Everyone knows how beneficial flight simulators are for training. They allow you to practice all kinds of maneuvers and procedures with zero risk or carbon emissions — and at a much lower cost than practicing in an airplane.
But, while we are all familiar with those benefits, there is another type of flight training that simulators excel at that is all too often overlooked. They provide ideal tools for easing your transition from steam-gauge, analog instruments to digital, glass panels.
And that’s a very good thing.
As much as the various avionics manufacturers try to make operating their glass cockpit systems more “intuitive,” these are still very complex devices, and untrained pilots can quickly find themselves behind the aircraft.
In fact, according to the National Business Aviation Association (NBAA), statistics show that single-pilot light business aircraft operations are up to 1.5 times more likely to result in an accident than a flight crewed by two pilots.
It does not take much stretch of the imagination to correlate accident types like loss of control in-flight, controlled flight into terrain (CFIT), or runway undershoots and overshoots with a pilot becoming distracted by the operation of their avionics.
Accidents of any kind are the last step in a long chain of events, and an incorrect frequency or misinterpreted display can often be the flake that gets that snowball rolling downhill.
Related Content: The Pros and Cons of Learning to Fly With a Glass Cockpit
There’s a sim for that.
As mentioned, the modern aircraft panel is a very complex place. And trying to familiarize yourself with which button does what while flying the plane, looking for traffic, and talking to ATC is a recipe for disaster.
Like learning IFR approaches, your avionics familiarization will be far more effective if you take the time to learn all of your system’s ins and outs in a flight simulator. It does not even need motion. You will concentrate on developing your avionics operating skills, setting frequencies, selecting inputs, sorting out malfunctions, and just getting complex-panel comfortable.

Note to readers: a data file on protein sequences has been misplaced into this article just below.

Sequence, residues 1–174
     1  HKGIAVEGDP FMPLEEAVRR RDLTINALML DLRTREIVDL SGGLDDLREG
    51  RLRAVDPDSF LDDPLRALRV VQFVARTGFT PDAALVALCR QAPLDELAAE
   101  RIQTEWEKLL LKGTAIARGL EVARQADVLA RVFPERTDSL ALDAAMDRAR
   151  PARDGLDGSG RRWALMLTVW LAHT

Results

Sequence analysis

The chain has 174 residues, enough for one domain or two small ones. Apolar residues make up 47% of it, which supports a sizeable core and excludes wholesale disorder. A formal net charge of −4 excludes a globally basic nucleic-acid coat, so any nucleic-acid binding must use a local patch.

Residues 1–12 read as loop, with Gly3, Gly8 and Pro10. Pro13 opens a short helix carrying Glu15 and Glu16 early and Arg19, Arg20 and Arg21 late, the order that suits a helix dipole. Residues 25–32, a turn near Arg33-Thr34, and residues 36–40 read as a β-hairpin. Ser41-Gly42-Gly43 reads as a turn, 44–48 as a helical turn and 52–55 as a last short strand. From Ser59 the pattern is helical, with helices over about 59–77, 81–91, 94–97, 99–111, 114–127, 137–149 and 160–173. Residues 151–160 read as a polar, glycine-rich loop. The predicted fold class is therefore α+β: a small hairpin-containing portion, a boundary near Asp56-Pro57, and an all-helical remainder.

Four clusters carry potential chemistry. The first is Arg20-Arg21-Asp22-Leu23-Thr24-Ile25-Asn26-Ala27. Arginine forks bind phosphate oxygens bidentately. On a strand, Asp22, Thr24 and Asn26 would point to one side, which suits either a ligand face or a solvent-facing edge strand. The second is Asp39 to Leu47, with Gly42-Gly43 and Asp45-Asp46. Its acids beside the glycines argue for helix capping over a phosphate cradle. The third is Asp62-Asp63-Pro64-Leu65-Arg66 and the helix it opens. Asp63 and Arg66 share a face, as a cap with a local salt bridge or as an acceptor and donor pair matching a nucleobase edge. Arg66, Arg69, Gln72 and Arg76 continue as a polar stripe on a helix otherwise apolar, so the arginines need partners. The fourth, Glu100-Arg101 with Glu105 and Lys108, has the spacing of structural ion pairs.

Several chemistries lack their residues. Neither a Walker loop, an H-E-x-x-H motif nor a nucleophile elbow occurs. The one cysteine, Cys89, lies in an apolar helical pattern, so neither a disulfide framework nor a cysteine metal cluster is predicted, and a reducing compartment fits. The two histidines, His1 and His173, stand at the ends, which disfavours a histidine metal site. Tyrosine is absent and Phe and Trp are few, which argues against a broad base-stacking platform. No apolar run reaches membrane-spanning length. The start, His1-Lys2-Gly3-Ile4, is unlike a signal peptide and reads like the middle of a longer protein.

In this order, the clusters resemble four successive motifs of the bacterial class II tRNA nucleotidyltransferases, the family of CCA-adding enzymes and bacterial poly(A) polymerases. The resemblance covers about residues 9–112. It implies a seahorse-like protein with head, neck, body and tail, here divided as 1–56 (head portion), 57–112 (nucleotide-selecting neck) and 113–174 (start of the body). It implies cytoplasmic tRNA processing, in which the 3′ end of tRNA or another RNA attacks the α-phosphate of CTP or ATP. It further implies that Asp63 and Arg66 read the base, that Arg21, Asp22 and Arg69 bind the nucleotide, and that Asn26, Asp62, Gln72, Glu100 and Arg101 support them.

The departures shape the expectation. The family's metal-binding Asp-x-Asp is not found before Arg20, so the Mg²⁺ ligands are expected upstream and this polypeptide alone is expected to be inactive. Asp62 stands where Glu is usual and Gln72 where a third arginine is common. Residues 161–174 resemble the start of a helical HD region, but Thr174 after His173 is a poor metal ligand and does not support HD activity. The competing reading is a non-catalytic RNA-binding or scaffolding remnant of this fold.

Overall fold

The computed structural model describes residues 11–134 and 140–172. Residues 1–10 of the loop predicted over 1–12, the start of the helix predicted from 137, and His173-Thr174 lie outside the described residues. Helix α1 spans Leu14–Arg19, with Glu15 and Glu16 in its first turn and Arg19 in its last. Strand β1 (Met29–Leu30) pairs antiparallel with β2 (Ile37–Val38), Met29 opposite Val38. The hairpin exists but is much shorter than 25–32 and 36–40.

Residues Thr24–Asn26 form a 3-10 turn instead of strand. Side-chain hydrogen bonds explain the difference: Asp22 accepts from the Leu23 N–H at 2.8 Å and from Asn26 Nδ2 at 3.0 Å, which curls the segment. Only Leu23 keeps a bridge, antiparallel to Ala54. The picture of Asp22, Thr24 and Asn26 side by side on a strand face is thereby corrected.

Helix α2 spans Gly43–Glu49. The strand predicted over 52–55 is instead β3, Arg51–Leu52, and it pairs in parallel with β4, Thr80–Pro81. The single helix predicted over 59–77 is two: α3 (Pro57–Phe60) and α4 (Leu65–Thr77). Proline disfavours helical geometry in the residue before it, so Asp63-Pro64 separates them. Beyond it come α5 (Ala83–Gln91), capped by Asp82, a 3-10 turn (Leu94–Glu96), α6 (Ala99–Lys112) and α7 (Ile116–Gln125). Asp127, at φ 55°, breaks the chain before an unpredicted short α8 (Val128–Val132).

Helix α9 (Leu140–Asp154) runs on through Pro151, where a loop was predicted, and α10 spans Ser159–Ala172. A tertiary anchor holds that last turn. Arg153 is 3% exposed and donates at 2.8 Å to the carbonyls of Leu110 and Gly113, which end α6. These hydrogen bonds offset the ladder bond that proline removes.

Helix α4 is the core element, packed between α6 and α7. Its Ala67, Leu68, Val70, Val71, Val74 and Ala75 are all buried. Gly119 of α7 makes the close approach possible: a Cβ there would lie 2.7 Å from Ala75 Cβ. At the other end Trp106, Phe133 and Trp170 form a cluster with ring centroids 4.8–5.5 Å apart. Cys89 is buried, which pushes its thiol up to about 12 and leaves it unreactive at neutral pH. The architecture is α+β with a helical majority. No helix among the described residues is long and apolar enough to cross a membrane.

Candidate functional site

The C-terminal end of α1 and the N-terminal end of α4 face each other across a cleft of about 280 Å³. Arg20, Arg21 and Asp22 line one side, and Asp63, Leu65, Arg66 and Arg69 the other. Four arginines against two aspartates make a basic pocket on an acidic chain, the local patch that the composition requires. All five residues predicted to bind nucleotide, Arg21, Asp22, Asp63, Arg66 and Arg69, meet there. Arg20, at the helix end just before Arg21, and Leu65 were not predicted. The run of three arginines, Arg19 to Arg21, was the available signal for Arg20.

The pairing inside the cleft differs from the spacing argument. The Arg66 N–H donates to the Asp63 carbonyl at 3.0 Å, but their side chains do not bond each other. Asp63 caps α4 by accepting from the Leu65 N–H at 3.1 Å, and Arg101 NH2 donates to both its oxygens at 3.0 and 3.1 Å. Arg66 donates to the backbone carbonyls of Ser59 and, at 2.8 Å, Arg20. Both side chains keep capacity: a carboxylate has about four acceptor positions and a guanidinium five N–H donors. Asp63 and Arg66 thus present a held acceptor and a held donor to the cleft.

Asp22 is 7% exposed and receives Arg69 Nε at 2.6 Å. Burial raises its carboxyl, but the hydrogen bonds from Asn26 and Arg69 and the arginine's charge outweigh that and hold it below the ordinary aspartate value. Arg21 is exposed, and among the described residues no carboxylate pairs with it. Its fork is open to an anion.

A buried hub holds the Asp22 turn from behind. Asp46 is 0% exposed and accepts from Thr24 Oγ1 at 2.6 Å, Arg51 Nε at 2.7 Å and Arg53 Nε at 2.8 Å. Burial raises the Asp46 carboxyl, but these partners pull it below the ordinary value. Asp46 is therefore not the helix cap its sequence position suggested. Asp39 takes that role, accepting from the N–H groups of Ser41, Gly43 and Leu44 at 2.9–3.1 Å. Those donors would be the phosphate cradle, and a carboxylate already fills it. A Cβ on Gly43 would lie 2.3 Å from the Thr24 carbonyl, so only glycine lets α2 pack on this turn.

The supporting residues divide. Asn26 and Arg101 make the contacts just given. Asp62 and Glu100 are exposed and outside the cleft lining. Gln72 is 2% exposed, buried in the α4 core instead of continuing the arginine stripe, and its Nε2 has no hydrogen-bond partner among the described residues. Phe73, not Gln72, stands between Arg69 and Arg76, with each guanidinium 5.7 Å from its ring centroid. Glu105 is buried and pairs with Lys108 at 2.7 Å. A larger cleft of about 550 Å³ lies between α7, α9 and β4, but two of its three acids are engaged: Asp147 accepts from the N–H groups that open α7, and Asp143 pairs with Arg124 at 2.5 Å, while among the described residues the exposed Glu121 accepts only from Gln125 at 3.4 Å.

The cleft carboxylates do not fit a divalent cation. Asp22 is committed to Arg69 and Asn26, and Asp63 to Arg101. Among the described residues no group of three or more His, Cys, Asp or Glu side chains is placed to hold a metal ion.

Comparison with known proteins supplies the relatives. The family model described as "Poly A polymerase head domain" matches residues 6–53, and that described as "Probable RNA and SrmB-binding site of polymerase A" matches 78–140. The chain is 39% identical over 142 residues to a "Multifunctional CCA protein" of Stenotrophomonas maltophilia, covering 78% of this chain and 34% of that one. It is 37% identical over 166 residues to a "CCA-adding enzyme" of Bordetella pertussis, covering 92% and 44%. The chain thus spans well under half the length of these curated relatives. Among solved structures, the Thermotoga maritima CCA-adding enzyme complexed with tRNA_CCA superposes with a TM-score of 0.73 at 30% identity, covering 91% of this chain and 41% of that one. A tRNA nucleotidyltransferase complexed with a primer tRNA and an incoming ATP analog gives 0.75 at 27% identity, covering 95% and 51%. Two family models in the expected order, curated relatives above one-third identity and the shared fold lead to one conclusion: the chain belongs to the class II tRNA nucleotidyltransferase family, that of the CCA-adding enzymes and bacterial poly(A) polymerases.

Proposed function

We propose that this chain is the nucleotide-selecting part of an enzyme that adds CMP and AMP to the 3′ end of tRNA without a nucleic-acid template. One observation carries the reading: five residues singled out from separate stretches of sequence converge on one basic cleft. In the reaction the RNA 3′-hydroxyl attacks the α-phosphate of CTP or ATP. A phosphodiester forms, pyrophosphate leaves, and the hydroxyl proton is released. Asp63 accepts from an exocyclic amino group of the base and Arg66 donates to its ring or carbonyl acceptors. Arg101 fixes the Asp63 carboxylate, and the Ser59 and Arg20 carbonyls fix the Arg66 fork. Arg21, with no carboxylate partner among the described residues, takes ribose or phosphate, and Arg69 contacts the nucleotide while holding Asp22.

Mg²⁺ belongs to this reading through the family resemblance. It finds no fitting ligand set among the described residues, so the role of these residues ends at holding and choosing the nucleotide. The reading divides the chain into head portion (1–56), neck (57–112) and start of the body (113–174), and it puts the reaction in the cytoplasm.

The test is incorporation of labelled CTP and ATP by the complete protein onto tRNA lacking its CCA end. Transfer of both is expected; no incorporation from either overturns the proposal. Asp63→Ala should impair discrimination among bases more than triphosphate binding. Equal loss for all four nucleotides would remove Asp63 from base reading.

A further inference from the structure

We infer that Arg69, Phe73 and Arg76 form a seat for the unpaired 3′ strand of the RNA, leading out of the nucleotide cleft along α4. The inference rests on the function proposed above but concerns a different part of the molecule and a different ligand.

There’s a lot to get used to.
Training sessions in the controlled environment of a flight simulator are the ideal time to put your total focus on practicing all of the different processes and procedures you need to get the most out of your aircraft’s avionics.
And there is even more to learn when you delve into emergency procedures. As reliable as these new systems are, they fail — and never at a convenient time.
You need to be able to react and reconfigure displays or select alternate/revisionary systems as part of your routine, or at least have the at-hand skills to keep the airplane right side up while you find the proper procedure in the pilot's operating handbook (POH).
Sure, you can always flip on the autopilot if things go south. Good ol’ George is always there to keep the blue side up. But what do you do if the autopilot is the source of your problem? Do you know which circuit breaker to pull if you need to shut the unit down?
Transitioning from approach to final is no time to figure it out.
Practice makes perfect.
Even if you already have a good working relationship with your aircraft’s panel, using a flight simulator is the best tool for keeping your skills sharp. Very few of us fly as much as we would like, and your motor skills and memory dull over time.
Another excellent use for a simulator is familiarizing yourself with a new airport or approach. The more advanced systems allow you to not only “fly” the various approaches into practically any airport but also see nearby cities, lakes, rivers, and other significant landmarks.
Knowing before you go is a great way to minimize stress and reduce risks.
So, schedule a flight simulator session the next time you want to learn more about your electronic flight displays and how to use them. When it comes to becoming a better pilot, you can learn a lot without ever leaving the ground.